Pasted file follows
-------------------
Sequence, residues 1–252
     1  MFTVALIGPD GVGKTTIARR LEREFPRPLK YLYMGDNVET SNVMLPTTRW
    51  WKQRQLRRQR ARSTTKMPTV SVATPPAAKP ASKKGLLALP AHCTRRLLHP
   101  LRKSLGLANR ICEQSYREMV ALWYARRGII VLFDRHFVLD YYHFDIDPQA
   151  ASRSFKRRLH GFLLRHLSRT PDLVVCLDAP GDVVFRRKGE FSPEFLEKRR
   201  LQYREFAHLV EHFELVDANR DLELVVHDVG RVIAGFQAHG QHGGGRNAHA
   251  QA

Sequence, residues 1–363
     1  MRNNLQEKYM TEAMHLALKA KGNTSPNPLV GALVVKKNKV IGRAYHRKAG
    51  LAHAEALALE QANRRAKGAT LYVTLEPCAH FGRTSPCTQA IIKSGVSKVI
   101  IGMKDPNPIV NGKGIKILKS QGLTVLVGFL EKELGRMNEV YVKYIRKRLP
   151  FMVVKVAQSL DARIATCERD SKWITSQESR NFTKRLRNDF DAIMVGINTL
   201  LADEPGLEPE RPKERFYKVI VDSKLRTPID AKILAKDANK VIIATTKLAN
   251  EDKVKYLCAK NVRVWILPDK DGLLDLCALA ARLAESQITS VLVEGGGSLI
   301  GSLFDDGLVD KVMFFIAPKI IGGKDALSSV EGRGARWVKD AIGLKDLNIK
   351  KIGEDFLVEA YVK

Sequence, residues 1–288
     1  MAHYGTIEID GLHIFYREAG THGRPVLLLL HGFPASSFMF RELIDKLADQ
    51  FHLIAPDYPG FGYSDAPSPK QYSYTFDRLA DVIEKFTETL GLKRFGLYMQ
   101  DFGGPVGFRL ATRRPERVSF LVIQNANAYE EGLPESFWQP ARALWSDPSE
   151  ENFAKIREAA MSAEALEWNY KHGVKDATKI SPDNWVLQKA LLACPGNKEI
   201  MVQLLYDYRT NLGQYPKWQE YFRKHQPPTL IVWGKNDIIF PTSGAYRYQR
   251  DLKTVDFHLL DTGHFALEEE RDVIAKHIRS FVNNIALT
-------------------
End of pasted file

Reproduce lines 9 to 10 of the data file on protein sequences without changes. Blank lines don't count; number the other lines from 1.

     1  MRNNLQEKYM TEAMHLALKA KGNTSPNPLV GALVVKKNKV IGRAYHRKAG
    51  LAHAEALALE QANRRAKGAT LYVTLEPCAH FGRTSPCTQA IIKSGVSKVI